Here's the post-snap picture. Cal S #7 is blitzing! Oh noes! He was a defender that was showing coverage against a WR! In other words, it didn't look like he was going to be a pass rusher! What's going to happen now? Will the offense notice this blitzing safety???


If Cal S #7 came off his WR to blitz, then who is covering that inner slot WR? Cal LB #30 will. He is now looking over at that inner slot WR and is dropping back into a trail man coverage! Tricky! This is a coverage exchange! This is DISGUISING the defense!


So in total, the offense is facing five pass rushers (3 DL, 1 S, 1 LB). It wasn't the five pass rushers they probably were expecting though (they were probably expecting 3 DL, and 2 LB).


Because of that coverage exchange between the blitzing safety (Cal S #7) and the linebacker (Cal LB #30), the coverage is STILL Man Free. More specifically, it's a Man Free with a Safety Blitz (sometimes called "bandit").


The offensive line, the guys entrusted with the duty of protecting the QB, must must must be able to identify the blitzers not only pre-snap, but more importantly, they must must must be able to identify the blitzers POST-SNAP. They must see that the Cal LB #30 is dropping into coverage and no longer a threat, but the Cal S #7 -- who originally did not show himself as a pass rush threat -- is now a threat!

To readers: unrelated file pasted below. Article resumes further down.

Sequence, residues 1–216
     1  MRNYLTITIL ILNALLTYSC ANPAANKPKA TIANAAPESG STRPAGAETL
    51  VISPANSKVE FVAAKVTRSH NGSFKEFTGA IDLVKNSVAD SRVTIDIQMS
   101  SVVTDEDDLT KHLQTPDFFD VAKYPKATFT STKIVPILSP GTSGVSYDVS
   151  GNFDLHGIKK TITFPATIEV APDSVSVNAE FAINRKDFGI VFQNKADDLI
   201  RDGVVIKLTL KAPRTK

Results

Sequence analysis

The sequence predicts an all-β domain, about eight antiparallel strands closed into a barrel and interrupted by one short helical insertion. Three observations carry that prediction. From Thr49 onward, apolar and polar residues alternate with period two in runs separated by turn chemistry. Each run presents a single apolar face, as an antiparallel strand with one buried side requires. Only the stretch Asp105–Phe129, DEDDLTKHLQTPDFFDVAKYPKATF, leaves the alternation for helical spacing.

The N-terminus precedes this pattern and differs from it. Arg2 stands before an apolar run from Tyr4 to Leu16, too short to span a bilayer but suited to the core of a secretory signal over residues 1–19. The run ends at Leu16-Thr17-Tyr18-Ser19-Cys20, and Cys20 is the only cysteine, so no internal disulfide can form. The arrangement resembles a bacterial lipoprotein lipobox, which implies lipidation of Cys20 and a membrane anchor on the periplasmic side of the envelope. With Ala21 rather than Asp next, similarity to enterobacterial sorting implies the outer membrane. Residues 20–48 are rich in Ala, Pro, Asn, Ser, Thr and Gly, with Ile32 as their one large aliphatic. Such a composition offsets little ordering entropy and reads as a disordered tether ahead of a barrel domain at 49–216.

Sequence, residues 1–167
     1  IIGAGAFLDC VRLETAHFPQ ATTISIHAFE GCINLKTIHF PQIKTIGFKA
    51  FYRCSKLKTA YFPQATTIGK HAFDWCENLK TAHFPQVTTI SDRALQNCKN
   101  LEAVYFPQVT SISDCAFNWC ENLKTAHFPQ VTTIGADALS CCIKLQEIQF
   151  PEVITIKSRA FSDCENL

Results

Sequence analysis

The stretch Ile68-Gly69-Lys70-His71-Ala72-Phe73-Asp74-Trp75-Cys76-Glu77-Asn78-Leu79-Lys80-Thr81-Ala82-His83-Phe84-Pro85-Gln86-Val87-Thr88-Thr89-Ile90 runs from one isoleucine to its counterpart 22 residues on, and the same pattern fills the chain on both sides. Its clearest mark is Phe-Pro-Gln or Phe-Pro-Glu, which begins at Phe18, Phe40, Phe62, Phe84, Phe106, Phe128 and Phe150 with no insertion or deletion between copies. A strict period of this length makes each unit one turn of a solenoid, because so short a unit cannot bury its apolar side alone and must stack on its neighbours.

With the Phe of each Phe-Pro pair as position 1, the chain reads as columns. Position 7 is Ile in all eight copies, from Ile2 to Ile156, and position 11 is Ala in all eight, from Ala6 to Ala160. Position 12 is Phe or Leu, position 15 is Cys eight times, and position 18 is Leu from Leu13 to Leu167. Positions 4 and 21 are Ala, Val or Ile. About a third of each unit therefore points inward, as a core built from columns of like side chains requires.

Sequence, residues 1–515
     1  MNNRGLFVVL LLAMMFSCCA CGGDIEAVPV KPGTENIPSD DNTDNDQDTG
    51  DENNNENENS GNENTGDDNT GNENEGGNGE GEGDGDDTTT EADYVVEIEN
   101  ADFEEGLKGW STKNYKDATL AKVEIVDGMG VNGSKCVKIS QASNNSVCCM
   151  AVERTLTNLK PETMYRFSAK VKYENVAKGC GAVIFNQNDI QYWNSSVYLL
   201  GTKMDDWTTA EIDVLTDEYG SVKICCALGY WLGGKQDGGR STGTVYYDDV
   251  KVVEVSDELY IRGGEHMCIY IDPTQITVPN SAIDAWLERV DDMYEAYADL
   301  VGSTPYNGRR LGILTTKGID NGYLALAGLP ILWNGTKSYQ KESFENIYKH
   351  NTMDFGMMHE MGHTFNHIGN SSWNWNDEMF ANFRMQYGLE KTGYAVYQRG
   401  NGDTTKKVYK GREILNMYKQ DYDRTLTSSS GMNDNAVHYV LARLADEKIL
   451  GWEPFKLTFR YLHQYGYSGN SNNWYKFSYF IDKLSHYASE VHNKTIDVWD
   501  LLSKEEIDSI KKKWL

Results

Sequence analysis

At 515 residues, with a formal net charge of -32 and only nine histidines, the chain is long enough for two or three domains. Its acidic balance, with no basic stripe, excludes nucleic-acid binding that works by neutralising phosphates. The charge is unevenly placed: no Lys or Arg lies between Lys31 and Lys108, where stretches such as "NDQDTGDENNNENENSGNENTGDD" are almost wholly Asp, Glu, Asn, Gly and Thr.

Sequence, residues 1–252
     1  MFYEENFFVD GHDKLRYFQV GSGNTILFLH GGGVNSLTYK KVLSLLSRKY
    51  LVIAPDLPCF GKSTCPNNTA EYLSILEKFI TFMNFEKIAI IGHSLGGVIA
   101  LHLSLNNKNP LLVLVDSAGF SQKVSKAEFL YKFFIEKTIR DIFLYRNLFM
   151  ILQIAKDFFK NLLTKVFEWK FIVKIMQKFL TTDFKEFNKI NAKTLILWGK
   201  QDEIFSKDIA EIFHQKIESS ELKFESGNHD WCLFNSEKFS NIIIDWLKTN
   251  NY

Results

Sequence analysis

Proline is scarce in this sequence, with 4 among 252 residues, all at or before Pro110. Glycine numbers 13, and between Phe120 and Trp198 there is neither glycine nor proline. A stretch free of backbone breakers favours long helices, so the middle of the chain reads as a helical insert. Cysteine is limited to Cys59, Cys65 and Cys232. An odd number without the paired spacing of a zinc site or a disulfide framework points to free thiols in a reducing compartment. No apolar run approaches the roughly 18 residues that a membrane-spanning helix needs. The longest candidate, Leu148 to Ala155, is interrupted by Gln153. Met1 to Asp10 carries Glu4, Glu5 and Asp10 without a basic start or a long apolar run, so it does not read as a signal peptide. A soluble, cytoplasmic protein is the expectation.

Will the Sun Devil offensive line recognize this disguised blitzer?


They will not. The five offensive linemen only take note of the three pass rushing defensive linemen, and the one pass rushing linebacker. They will not identify the pass rushing safety.


The failure of the offensive line to identify the blitzing safety leaves a HUGE alley and pass rushing lane for the safety to penetrate! The safety is able to penetrate quickly and force the QB to pass the ball before he wants to!


The blitzing Cal safety gets a free, uncontested hit on the Sun Devil QB!


The result is an interception! Cal CB #23 intercepts the ball. It's worth noting also that the Arizona State WR whom Cal CB #23 was covering also seemed to give up on the play. He slowed up as the ball was in the air and gave an easy uncontested interception to the defense. That kind of lackadaisical work ethic sure won't get him far in life!

Check out the video below to see the play in its entirety! (You will have to scroll forward to 8:06 in the video, or just click on this link which will open up a new window with the video pre-set to start at the correct time)


This play is a great example of a defense doing a great job disguising their coverage. Their alignment pre-snap showed no signs of a blitzing safety. This play is also a great example of the offense failing to identify blitzers pre-snap and post-snap. A failure to identify a blitzer pre-snap isn't lethal, but a failure to identify a blitzer post-snap is, and this play is a perfect example of what can happen when you don't.

Keep it locked in for a special addendum to this post, coming soon.


Special thanks to TouchedTheAxeIn82 and everyone else who helps create and seed these games. Without your help, I can't do this stuff.

My other analysis posts can be found here.